Help me eat/feel better.
July 2, 2009 3:26 PM   Subscribe

How can I find a general therapist who specializes in helping people with eating issues?

I'm significantly overweight. Over the past year or so, I've been seeing a nutritionist, though it hasn't had much effect on my habits or behaviors. A few months ago, I stopped seeing her, because I found that I tried to use my nutritionist as a therapist: I'd talk with her about my issues with food and eating, but those issues are wrapped up in my general life issues (I can find it difficult to do things to take care of myself), and she wasn't up to the task.

It seems to me that a better way to tackle my issues with food (which are pretty garden variety: emotional eating, using food as a reward, inability to keep myself from eating everything that's put in front of me) would be to see an actual therapist, but one who helps people with eating issues. Do such therapists exist? How do I find one in the New York area (and specifically one who works on a sliding scale)?

I've never used a therapist before, but this is an area in which I could really use some help. Throwaway email:
posted by anonymous to Health & Fitness (7 answers total) 6 users marked this as a favorite
Yes, they do exist. A lot of therapists I've dealt with seem to be good with working with the emotional issues around food/eating/etc, and there are therapists who specialize in people with eating disorders or just plain old eating issues. I don't know any in the New York area, but I am sure there are some. If you were in the Boston area, I'd point you to Rivka Simmons.

While you're therapist hunting, you might find some of these books helpful:
The Rules of Normal Eating
Intuitive Eating
Karen Koenig's stuff, particularly The Food and Feelings Workbook
posted by rmd1023 at 4:16 PM on July 2, 2009 [1 favorite]

The definitely exist, even here in sleepy Connecticut. If you're still on speaking terms with your nutritionist, ask him or her for a recommendation. Your nutrionist (presumably) already knows you and the services available in the area and should be able to point you in the right direction. If you're not comfortable speaking with your nutritionist, try calling Renfrew Center (1-800-RENFREW) or Renuda Ranch (1-800-445-1900) and see if they can make a recommendation. Good luck, anonymous.
posted by Maisie at 5:23 PM on July 2, 2009

Not a therapist, but Golda Poretsky takes a holistic approach to nutrition and body wellness. I've heard good things about her.
posted by kimdog at 6:48 PM on July 2, 2009

Were you seeing a nutritionist who specializes in eating disorders? That might help. My nutritionist and I discuss food primarily, but we definitely talk about how I feel when I'm eating (or not eating) and the like. We rarely talk about things totally unrelated to food/ weight/ etc., however.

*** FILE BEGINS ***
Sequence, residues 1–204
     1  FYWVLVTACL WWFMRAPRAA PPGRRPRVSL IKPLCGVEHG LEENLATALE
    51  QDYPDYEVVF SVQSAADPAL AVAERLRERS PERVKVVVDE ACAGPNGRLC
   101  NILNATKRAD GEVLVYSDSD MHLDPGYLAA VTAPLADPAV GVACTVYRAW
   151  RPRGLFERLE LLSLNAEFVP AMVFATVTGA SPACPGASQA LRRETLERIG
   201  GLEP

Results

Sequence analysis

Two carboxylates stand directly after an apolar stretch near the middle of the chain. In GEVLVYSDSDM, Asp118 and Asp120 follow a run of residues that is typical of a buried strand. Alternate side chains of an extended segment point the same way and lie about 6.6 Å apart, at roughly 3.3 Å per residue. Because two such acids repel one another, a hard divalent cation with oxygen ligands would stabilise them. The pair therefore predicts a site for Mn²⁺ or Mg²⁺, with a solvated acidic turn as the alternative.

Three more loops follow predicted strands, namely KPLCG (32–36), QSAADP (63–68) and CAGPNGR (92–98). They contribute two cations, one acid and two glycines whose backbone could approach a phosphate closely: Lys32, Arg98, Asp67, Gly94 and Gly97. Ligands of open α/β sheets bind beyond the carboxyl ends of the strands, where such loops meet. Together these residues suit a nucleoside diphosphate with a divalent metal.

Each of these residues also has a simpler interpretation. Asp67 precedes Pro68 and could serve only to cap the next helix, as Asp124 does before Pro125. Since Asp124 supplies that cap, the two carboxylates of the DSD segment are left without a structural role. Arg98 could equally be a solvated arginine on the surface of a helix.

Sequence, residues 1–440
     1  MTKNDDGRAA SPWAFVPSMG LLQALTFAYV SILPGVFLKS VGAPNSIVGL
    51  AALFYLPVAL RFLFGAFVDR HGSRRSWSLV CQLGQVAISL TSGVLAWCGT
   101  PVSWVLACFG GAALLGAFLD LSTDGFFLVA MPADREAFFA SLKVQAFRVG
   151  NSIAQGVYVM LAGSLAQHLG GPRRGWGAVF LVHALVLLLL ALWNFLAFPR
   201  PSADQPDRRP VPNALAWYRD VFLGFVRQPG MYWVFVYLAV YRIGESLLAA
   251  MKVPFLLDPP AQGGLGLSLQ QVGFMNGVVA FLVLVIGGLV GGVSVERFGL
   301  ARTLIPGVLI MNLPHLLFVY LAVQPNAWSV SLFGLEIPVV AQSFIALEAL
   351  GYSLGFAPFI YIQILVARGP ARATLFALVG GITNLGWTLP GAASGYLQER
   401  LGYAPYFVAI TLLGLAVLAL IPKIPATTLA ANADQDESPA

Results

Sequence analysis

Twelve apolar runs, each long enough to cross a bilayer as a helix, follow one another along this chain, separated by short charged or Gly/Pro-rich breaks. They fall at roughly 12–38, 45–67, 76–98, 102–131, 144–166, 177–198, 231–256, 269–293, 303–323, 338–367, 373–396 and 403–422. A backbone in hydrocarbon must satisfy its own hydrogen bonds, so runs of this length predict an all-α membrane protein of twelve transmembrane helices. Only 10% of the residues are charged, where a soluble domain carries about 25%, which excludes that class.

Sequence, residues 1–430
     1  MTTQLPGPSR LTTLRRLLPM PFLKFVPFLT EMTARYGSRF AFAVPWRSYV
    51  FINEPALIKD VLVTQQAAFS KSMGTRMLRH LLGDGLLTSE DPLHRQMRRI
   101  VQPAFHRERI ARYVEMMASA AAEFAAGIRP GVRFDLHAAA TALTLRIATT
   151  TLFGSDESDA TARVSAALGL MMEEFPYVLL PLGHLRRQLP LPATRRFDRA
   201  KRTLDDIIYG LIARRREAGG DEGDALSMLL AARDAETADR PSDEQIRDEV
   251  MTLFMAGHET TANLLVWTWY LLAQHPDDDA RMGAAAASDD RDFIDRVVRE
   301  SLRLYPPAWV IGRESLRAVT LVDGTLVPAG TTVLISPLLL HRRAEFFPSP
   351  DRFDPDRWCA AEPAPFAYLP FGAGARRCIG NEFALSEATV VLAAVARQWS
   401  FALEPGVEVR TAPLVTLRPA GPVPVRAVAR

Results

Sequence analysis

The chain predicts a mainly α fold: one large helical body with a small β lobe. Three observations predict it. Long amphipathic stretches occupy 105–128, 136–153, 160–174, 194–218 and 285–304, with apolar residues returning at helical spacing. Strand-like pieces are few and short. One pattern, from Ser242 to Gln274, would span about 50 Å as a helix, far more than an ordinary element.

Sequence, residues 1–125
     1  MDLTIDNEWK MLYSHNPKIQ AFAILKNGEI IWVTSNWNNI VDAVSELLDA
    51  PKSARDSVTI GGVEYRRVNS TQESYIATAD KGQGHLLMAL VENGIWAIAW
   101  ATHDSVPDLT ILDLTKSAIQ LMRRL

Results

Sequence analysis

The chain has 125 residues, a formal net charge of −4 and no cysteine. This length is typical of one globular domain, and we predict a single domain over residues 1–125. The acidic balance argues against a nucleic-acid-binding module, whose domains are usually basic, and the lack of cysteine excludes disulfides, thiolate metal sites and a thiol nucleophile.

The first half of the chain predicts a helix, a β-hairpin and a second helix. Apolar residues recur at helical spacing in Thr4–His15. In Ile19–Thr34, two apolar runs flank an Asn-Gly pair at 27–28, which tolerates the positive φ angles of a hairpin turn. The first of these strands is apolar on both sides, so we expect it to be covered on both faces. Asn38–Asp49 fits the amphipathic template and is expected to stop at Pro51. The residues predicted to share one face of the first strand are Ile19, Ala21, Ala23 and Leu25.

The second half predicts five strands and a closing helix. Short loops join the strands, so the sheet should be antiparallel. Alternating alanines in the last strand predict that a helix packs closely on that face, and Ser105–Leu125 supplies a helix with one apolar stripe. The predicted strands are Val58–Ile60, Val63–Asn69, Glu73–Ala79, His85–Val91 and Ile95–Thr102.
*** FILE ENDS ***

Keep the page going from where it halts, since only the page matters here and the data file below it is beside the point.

The best option would probably to see both a therapist (ideally one who has experience with emotional eating type issues) to address more general life issues, taking care of yourself, etc and a nutritionist (who ideally specializes in eating disorders) to help you deal with the food aspect of it all. I know for an eating disorder, addressing both the psychological and physical issues are essential - dealing with one or the other doesn't work. It sounds like you have a(n unfortunately fairly common) type of disordered eating, and I think that working on the emotional and physical aspects of eating healthfully and self-care would be most helpful to you.

I have a friend with issues quite similar to yours. One of the women in my [eating disorder treatment] group with very extensive experience with eating disorders and treatment recommended the Intuitive Eating book as well - I'm planning to buy it for my friend.
posted by insectosaurus at 9:11 PM on July 2, 2009

Something Fishy has a great and quite comprehensive treatment finder that includes individual therapists and nutritionists/dietitians.
posted by mynameisluka at 9:57 PM on July 2, 2009 [1 favorite]

"Eating Disorders" is one of the "I'm Looking For Help With..." options on the Psychology Today therapist finder. Most of the therapists have several specialties listed, and their little bio should tell you more about how their handling of eating issues interacts with their overall approach.
posted by doift at 4:48 AM on July 3, 2009

The last couple of therapists I've had (found through the Psychology Today finder that doift recommended) offered an introductory phone session that functioned like a pre-intake interview on both ends. I asked specifically about experience with eating disorders, even though that wasn't my primary issue.

Good luck. You're not alone. Intuitive Eating helped a lot, as did general mindfulness practice.
posted by catlet at 2:00 PM on July 3, 2009

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